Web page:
What can you say about these shapes? This problem challenges you to create shapes with different areas and perimeters.

An investigation that gives you the opportunity to make and justify predictions.

Sweets are given out to party-goers in a particular way. Investigate the total number of sweets received by people sitting in different positions.

Try adding together the dates of all the days in one week. Now multiply the first date by 7 and add 21. Can you explain what happens?

Investigate the sum of the numbers on the top and bottom faces of a line of three dice. What do you notice?

Ben’s class were making cutting up number tracks. First they cut them into twos and added up the numbers on each piece. What patterns could they see?

How many ways can you find to do up all four buttons on my coat? How about if I had five buttons? Six ...?

Tom and Ben visited Numberland. Use the maps to work out the number of points each of their routes scores.

Only one side of a two-slice toaster is working. What is the quickest way to toast both sides of three slices of bread?

In this problem we are looking at sets of parallel sticks that cross each other. What is the least number of crossings you can make? And the greatest?

This challenge focuses on finding the sum and difference of pairs of two-digit numbers.

Find the sum and difference between a pair of two-digit numbers. Now find the sum and difference between the sum and difference! What happens?

Find some examples of pairs of numbers such that their sum is a factor of their product. eg. 4 + 12 = 16 and 4 × 12 = 48 and 16 is a factor of 48.

In a Magic Square all the rows, columns and diagonals add to the 'Magic Constant'. How would you change the magic constant of this square?

Compare the numbers of particular tiles in one or all of these three designs, inspired by the floor tiles of a church in Cambridge.

We can arrange dots in a similar way to the 5 on a dice and they usually sit quite well into a rectangular shape. How many altogether in this 3 by 5? What happens for other sizes?

This challenge encourages you to explore dividing a three-digit number by a single-digit number.

Got It game for an adult and child. How can you play so that you know you will always win?

What happens if you join every second point on this circle? How about every third point? Try with different steps and see if you can predict what will happen.

Can all unit fractions be written as the sum of two unit fractions?

Use your addition and subtraction skills, combined with some strategic thinking, to beat your partner at this game.

The Egyptians expressed all fractions as the sum of different unit fractions. Here is a chance to explore how they could have written different fractions.

Place the numbers from 1 to 9 in the squares below so that the difference between joined squares is odd. How many different ways can you do this?

Can you see why 2 by 2 could be 5? Can you predict what 2 by 10 will be?

List any 3 numbers. It is always possible to find a subset of adjacent numbers that add up to a multiple of 3. Can you explain why and prove it?

Polygons drawn on square dotty paper have dots on their perimeter (p) and often internal (i) ones as well. Find a relationship between p, i and the area of the polygons.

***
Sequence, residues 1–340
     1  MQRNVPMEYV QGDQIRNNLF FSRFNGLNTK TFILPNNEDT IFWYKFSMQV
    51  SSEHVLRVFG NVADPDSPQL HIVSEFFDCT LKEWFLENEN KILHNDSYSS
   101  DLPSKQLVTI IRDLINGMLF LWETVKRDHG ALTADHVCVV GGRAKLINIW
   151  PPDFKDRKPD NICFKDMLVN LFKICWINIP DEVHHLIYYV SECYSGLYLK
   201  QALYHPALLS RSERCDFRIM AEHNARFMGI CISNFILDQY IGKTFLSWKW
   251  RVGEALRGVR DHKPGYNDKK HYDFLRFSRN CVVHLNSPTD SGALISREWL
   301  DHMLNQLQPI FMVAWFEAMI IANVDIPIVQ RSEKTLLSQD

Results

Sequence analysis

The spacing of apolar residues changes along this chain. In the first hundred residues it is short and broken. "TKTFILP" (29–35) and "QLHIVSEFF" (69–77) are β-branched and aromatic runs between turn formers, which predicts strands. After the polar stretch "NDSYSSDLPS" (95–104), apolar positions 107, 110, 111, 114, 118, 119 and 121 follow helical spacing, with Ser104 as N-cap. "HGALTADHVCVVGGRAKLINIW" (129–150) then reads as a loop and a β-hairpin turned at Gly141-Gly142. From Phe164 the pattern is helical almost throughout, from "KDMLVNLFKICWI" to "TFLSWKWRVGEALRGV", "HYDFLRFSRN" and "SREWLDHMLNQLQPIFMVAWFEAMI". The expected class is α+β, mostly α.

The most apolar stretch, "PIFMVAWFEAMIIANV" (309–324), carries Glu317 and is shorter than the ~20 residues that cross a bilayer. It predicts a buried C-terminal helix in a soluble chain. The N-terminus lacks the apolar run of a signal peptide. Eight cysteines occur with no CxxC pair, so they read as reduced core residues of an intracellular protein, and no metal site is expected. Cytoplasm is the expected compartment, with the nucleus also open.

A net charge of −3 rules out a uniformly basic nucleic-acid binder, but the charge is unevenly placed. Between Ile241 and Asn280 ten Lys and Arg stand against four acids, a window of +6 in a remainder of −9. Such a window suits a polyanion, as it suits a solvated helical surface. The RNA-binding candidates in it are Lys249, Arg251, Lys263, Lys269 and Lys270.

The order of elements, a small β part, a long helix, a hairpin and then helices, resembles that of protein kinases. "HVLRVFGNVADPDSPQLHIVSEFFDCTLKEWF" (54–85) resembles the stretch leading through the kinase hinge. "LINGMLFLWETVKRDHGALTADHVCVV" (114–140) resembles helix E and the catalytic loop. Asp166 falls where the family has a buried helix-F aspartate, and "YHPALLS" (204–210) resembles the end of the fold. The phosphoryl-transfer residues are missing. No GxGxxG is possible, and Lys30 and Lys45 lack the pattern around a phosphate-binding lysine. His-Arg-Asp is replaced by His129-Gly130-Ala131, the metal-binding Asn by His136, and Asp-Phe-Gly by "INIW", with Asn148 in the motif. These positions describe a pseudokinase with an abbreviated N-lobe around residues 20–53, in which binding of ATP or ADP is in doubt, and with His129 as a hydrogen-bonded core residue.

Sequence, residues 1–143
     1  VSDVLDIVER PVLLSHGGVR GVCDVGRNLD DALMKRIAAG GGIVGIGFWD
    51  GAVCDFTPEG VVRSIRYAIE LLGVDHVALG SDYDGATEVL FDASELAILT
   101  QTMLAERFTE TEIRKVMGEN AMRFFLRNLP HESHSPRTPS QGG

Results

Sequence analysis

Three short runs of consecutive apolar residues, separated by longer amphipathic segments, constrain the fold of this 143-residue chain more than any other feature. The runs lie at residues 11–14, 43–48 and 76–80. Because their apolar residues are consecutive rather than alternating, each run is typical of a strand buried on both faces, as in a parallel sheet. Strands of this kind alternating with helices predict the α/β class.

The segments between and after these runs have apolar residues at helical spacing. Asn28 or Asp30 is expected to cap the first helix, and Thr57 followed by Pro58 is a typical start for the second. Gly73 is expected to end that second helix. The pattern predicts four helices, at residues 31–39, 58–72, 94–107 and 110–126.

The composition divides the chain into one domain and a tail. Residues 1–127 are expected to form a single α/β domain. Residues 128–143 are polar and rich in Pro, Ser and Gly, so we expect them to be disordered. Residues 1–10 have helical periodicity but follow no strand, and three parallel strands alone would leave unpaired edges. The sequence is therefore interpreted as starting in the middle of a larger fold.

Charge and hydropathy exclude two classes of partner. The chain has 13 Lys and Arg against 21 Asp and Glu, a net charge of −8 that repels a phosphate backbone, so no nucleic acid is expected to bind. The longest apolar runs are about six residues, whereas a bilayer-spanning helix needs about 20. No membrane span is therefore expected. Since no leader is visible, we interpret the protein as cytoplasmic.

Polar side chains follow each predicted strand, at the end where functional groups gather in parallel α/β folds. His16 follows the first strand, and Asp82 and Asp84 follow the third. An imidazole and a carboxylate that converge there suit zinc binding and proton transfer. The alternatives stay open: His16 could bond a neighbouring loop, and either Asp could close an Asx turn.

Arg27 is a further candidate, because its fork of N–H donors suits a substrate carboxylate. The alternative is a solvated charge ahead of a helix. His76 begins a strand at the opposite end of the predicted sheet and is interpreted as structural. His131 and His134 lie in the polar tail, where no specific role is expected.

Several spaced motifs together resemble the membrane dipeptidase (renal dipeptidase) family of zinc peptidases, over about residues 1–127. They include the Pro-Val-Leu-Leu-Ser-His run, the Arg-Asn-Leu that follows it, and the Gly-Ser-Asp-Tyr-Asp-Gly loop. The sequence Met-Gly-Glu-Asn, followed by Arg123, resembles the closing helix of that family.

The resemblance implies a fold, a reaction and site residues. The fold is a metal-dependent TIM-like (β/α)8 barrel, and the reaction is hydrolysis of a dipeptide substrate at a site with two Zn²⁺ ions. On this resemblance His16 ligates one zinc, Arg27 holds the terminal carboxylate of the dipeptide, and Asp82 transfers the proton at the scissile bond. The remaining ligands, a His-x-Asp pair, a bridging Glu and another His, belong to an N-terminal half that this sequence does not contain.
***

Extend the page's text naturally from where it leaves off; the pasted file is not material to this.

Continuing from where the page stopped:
Can you see how to build a harmonic triangle? Can you work out the next two rows?

What would you get if you continued this sequence of fraction sums? 1/2 + 2/1 = 2/3 + 3/2 = 3/4 + 4/3 =

The sum of the numbers 4 and 1 [1/3] is the same as the product of 4 and 1 [1/3]; that is to say 4 + 1 [1/3] = 4 × 1 [1/3]. What other numbers have the sum equal to the product and can this be so for. . . .

A three digit number abc is always divisible by 7 when 2a+3b+c is divisible by 7. Why?

Can you put the numbers 1-5 in the V shape so that both 'arms' have the same total?

Choose any 3 digits and make a 6 digit number by repeating the 3 digits in the same order (e.g. 594594). Explain why whatever digits you choose the number will always be divisible by 7, 11 and 13.

Four bags contain a large number of 1s, 3s, 5s and 7s. Pick any ten numbers from the bags above so that their total is 37.

How many centimetres of rope will I need to make another mat just like the one I have here?

Can you find an efficient method to work out how many handshakes there would be if hundreds of people met?

While we were sorting some papers we found 3 strange sheets which seemed to come from small books but there were page numbers at the foot of each page. Did the pages come from the same book?

Can you work out how to win this game of Nim? Does it matter if you go first or second?

In this game for two players, the idea is to take it in turns to choose 1, 3, 5 or 7. The winner is the first to make the total 37.

Can you dissect an equilateral triangle into 6 smaller ones? What number of smaller equilateral triangles is it NOT possible to dissect a larger equilateral triangle into?

How many different journeys could you make if you were going to visit four stations in this network? How about if there were five stations? Can you predict the number of journeys for seven stations?

This activity involves rounding four-digit numbers to the nearest thousand.

Strike it Out game for an adult and child. Can you stop your partner from being able to go?

Nim-7 game for an adult and child. Who will be the one to take the last counter?

Use two dice to generate two numbers with one decimal place. What happens when you round these numbers to the nearest whole number?

What happens when you round these three-digit numbers to the nearest 100?

You can work out the number someone else is thinking of as follows. Ask a friend to think of any natural number less than 100. Then ask them to tell you the remainders when this number is divided by. . . .

Can you continue this pattern of triangles and begin to predict how many sticks are used for each new "layer"?